Newark/Irvington, N.J. – Gebroe-Hammer Associates has set the bar high for 2021 with the $72M trade of a 641-unit portfolio spanning Newark and Irvington, both in East Essex County – the state’s most densely populated urban hub. Executive Managing Director David Oropeza and Executive Vice President David Jarvis exclusively represented the seller, OneWall Partners, and procured the buyer, an unnamed private investment group.
The portfolio’s well-maintained, classic mid-20th Century buildings feature a mix of studio and one-, two- and three-bedroom units with a wide square-footage range. Each has tremendous appeal among the region’s workforce-housing tenant base, has undergone far-reaching capital improvements during the past four years and is primed for additional value-add enhancements under new ownership.
“Considered Essex County’s leading urban-core corridor, the Newark-Irvington tract is one of the most dynamic, on-the-rise multifamily investment submarkets in the New York Metro,” said Oropeza, an acknowledged brokerage leader with 34 years’ experience at Gebroe-Hammer focusing on urban multifamily investments. “The entire area is undergoing a dramatic transformation that is having positive effects on historically stabilized multifamily product of this portfolio’s caliber.”
The five-property collection of Newark buildings is centrally situated within a 1.8-mile stretch of one another. Each has tremendous curb appeal along tree-lined streets with single-family and multifamily residences and are near abundant lifestyle services.
“This portion of the portfolio is at the heart of one of Newark’s most well-established districts where significant residential and commercial redevelopment, spurred by Downtown Newark revitalization initiatives, has taken hold,” added Jarvis, the firm’s Newark market specialist. “Given these sweeping modern-day efforts – which also are being mirrored and replicated in nearby Irvington – the portfolio is extremely well-poised for immediate and long-term value-add repositioning in a submarket where nearly 85 percent of the housing stock hails from the mid-20th Century era.”
The East Essex submarket is defined by a cluster of urban municipalities encompassing the City of Newark as well as East Orange, Orange and Irvington. Since the turn of the century, the region has led the state in the rebuilding and rehabilitation of its existing housing stock. This includes the repositioning of well-established, pre-1960s-era multifamily buildings within urban-core markets undergoing an architectural and tenant-demographic transformation.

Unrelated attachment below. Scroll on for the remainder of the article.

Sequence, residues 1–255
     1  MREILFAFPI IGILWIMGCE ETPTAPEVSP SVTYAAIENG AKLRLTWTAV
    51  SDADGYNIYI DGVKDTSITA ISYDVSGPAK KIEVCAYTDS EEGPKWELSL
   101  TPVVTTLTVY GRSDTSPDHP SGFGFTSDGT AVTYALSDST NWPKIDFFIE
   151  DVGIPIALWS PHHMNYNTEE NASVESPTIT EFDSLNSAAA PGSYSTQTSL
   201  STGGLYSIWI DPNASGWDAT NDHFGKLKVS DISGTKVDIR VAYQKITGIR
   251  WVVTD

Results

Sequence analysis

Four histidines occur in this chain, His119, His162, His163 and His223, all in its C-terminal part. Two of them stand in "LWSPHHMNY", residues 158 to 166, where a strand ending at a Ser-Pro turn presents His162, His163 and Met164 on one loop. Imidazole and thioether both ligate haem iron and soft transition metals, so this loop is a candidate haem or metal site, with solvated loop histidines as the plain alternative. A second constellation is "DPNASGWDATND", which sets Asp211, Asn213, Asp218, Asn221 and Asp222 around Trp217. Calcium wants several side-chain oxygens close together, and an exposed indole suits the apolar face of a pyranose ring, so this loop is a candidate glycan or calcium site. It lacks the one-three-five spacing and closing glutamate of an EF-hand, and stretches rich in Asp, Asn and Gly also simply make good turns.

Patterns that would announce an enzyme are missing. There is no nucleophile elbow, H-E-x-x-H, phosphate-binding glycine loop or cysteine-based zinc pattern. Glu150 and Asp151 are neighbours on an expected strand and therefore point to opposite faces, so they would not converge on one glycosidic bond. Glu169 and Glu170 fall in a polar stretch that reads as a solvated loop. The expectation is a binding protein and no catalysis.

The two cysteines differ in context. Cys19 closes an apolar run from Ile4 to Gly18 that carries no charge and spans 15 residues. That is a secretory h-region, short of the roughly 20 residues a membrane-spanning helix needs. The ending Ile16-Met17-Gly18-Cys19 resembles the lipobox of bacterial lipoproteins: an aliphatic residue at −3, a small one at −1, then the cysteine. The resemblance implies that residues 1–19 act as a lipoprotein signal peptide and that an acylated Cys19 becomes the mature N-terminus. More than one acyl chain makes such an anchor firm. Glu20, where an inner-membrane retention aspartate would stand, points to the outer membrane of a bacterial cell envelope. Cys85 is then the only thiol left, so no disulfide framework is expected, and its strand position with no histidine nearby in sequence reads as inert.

“For more than a decade, East Essex has evolved from its urban industrial roots to become a popular residential, business and tourist destination. Its submarkets are highly favored and sought-after by a millennial and professional tenant base that works locally or out-commutes to New York City,” said Oropeza. “This COVID economy also is drawing investment capital that at one time exclusively focused on New York City. While there was a healthy interest among private investors and investment groups from across the Hudson River, the pandemic has accelerated this trend thanks to the appeal of New Jersey’s suburban urban centers during the past 12 months or so.”
Since 1975, Gebroe-Hammer’s brokerage activities have concentrated on all multifamily types including Class A, B and C high-rise and garden-apartment properties. While initially focusing on New Jersey, the Livingston, N.J.-based firm has evolved during the past 46 years to also dominate Eastern Pennsylvania and New York State submarkets as well as represent client interests nationally. Widely recognized for its consistent sales performance, the firm is a 17-time CoStar Power Broker.